An Alamo City transplant with roots in Oklahoma, Joan Frederick is an artist, writer, photographer, arts advocate and an acclaimed Native American art historian. For Luminaria this year, Frederick — who makes her second appearance as an official Luminaria entrant — will present an installation that riffs on Donald Judd’s minimalist aluminum box pieces at Marfa’s Chinati Foundation. Her installation pieces are similarly shaped, imposing aluminum cubes that, unlike the stark and remotely off-putting house of mirrors aesthetic that Judd achieves, glow and are pleasantly altered (and given form) by the shifting colors of the rainbow that illuminate them from within. As a scholar of art history, it’s no surprise that Frederick’s contribution here thrives, in part, because of its referential nature. An ode to the heart of Luminaria’s vision, to illuminate San Antonio both literally and figuratively, these constantly changing light boxes provide a deep sensory experience, while offering an avenue from which to explore art history. Free, 8-11pm Thu, Nov. 10, Hays Street Bridge; 8pm-midnight Fri, Nov. 11, Dignowity Park (701 Nolan St.) and Lockwood Park (801 N. Olive St.).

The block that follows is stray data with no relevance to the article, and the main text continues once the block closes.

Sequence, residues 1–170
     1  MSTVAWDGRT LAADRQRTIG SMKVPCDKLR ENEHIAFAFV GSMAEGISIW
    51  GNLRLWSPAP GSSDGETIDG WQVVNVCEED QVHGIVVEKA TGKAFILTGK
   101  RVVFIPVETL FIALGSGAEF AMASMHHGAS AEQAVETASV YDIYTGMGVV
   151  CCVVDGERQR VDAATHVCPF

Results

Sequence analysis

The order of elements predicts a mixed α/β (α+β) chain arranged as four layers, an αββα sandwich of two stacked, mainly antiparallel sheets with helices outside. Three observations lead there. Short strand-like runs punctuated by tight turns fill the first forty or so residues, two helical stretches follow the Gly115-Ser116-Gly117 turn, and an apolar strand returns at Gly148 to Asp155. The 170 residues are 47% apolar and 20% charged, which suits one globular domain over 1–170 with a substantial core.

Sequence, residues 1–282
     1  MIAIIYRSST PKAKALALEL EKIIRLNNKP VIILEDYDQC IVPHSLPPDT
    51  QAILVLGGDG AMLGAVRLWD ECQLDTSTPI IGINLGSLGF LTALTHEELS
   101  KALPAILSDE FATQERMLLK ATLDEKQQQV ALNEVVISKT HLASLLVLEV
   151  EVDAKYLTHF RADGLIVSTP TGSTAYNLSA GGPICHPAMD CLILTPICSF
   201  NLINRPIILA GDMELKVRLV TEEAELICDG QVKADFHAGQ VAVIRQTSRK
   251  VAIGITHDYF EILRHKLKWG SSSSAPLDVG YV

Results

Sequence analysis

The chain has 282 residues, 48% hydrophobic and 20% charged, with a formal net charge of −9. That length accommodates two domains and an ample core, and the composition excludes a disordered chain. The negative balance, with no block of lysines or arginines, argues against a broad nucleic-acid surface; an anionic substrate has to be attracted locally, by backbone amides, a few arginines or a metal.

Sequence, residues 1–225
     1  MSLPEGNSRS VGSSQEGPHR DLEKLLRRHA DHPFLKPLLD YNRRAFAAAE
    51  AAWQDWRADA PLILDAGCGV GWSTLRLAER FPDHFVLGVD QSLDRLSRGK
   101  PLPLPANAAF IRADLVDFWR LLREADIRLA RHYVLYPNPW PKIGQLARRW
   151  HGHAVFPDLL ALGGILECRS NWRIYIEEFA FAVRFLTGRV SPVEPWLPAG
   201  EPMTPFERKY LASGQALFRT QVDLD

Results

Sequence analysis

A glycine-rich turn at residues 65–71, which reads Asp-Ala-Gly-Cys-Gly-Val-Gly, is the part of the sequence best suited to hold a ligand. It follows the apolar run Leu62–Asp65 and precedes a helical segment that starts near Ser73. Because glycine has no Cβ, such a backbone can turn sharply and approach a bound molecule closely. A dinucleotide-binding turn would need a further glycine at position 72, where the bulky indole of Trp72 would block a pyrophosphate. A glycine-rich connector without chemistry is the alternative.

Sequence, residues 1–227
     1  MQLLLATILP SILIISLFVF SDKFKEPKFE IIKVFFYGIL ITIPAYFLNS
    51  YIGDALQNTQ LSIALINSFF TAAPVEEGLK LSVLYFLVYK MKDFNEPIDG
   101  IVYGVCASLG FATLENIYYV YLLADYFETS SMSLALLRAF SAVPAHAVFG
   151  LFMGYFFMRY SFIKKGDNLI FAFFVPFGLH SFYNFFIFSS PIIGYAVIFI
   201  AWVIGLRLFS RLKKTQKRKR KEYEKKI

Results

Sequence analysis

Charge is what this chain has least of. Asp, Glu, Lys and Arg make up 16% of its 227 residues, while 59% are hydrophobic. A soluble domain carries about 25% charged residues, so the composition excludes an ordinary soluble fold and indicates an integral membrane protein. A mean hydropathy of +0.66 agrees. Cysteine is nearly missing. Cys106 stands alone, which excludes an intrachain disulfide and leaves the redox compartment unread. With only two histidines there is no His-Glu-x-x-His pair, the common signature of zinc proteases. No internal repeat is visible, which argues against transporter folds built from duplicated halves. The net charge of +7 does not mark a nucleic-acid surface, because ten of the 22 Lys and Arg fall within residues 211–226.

A contemporary realistic portrait painter, Kaldric Dow takes the preservation of voices, personalities, communities and dialogues as his starting point. It is his expressed desire to give a voice to those who might otherwise be silenced. While portraiture might seem a strangely antiquated medium for the relatively young Dow, he likes working with a form that connects him to the past and to various traditions of historical painting. Dow’s work in portraiture is driven forward by the precept that it is important for everyone to see portraits of African Americans within the fine art context. His bold painting is hallmarked by vibrant color, intense contrast, and rich gradations of skin tone. At Luminaria, Dow will display eight portraits that honor men and women who were born and/or raised on San Antonio’s Eastside. Free, 8pm-midnight Fri, Nov. 11, Dignowity Park (701 Nolan St.) and Lockwood Park (801 N. Olive St.).